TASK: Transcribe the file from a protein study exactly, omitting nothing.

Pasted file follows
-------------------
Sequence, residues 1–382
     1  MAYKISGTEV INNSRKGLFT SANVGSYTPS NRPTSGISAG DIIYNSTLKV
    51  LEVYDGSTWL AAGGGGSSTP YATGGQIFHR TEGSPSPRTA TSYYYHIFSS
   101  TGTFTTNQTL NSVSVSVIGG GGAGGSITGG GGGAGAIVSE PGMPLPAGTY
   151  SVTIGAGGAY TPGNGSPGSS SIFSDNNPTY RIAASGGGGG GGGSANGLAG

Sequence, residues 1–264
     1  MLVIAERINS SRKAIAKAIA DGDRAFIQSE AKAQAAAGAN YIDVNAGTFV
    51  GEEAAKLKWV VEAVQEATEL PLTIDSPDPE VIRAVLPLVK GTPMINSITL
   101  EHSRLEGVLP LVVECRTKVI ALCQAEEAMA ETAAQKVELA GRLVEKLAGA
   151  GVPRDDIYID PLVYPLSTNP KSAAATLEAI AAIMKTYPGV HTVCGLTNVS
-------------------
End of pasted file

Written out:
Sequence, residues 1–382
     1  MAYKISGTEV INNSRKGLFT SANVGSYTPS NRPTSGISAG DIIYNSTLKV
    51  LEVYDGSTWL AAGGGGSSTP YATGGQIFHR TEGSPSPRTA TSYYYHIFSS
   101  TGTFTTNQTL NSVSVSVIGG GGAGGSITGG GGGAGAIVSE PGMPLPAGTY
   151  SVTIGAGGAY TPGNGSPGSS SIFSDNNPTY RIAASGGGGG GGGSANGLAG

Sequence, residues 1–264
     1  MLVIAERINS SRKAIAKAIA DGDRAFIQSE AKAQAAAGAN YIDVNAGTFV
    51  GEEAAKLKWV VEAVQEATEL PLTIDSPDPE VIRAVLPLVK GTPMINSITL
   101  EHSRLEGVLP LVVECRTKVI ALCQAEEAMA ETAAQKVELA GRLVEKLAGA
   151  GVPRDDIYID PLVYPLSTNP KSAAATLEAI AAIMKTYPGV HTVCGLTNVS